The Importance Of The Rational And Emotional Mind

853 Words 4 Pages
The complexity of the human mind exemplifies through two main components: the rational and emotional mind. While the rational mind derives from scientific reasoning and past experiences, the emotional mind emerges reactive and centers on bodily emotions. When effectively balanced, the rational and emotional minds create a sense of harmony, through making decisions that satisfy both the head and the heart.
The amygdala, a key component of the emotional mind, “ is an almond shaped cluster of interconnected structures perched about the brainstem near the bottom of the limbic ring” (p14) While retaining a small structural percentage, this structure preserves a critical position - it is the “specialist for emotional matters” (Goleman, 2005, p.
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For me, I notice this hijacking to develop when I am driving. Following a hectic, fast paced, eight-hour work shift, which began at four in the morning, I find myself tired, sore, and upset. The slightest of mistakes, or other driver’s foolishness, causes an exaggerated, overdramatic response. Three distinct scenarios cause this response: cars who cut me off at the last second to make a turn, individuals who refuse to use their blinkers, and worst of all, drivers who pull out of a side road, conscious that I am traveling over 45 miles per hour. Rather than calmly responding to the situation, I slam on my breaks at the last second, with the sound of my breaks squealing as I attempt to stop my car from rear-ending their oblivious body. I curse in frustration, follow extremely close, or repeat their senseless action back to them. At the time, this appears as the correct response, but looking back on the situation, I know this does more harm than good. Not only am I causing unneeded stress, but I am also putting myself and the other driver in danger. By looking back on the situation, I am able to correct my actions, noting their …show more content…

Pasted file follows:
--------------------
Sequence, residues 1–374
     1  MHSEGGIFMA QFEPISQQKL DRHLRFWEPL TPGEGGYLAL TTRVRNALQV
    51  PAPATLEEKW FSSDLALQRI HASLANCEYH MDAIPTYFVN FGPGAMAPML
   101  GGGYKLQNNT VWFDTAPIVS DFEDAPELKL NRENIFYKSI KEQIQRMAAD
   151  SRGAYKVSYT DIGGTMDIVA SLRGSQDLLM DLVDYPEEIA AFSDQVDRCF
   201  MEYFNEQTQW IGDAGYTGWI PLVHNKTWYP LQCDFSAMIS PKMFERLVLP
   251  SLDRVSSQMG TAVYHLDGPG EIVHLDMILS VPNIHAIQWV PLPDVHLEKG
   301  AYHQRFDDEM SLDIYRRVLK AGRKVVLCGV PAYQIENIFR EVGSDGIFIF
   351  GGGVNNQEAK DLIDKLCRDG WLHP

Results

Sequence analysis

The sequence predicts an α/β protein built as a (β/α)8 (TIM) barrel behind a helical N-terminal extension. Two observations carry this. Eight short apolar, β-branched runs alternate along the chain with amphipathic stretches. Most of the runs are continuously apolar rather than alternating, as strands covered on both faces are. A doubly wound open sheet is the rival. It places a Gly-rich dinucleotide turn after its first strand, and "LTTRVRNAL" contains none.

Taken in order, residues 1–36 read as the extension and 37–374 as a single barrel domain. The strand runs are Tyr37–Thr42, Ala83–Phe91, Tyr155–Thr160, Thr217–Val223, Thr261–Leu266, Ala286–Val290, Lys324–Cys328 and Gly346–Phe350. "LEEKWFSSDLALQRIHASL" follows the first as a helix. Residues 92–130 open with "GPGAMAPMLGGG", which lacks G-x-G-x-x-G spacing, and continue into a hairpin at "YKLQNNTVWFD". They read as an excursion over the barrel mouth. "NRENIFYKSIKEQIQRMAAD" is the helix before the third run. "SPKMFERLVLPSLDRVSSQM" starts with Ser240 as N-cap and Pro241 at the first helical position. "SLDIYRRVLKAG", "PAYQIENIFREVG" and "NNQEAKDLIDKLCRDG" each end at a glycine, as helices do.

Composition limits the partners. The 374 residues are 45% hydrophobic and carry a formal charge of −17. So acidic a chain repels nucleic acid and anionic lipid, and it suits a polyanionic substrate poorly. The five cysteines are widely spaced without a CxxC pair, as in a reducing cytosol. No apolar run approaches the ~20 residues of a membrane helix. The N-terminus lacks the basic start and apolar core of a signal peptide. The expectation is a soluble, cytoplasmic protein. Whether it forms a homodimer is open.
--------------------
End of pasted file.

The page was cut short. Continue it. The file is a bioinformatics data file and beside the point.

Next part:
While this response existed essential for our ancestors, as they needed to defend themselves from animal, its presence devises different purposes in today’s society. At times, given the sensation to “fly” can subsist beneficial, such as running from an individual or being in an emergency situation. On the other hand, the fight-or-flight response can hold individual back from retaining goals, due to individualized fears, or even cause individuals to panic. This response preserves an essential purpose, as it is a innate bodily function, but it may cause more harm than good. An individual’s response to a stressor exists as the key component to determining how effective the fight-or-flight response will stand. Based on my response, I would consider myself a flight individual, as I rather retain peace, than attempt to cause conflict. When I notice other’s mistakes, I correct them without them detecting, as I do not want them to feel critiqued. When unavoidable conflicts arise, I walk or avoid the situation, rather than adding to it. Adrenaline does not give me a surge to act, but rather causes me to back down in fear. While this does make me a mediator, it could position me in harms way in the future. As evidence, amygdala hijacking and the fight-or-flight response maintain profound affects on the behaviors and attitudes of individuals. Emotions do appear to control our

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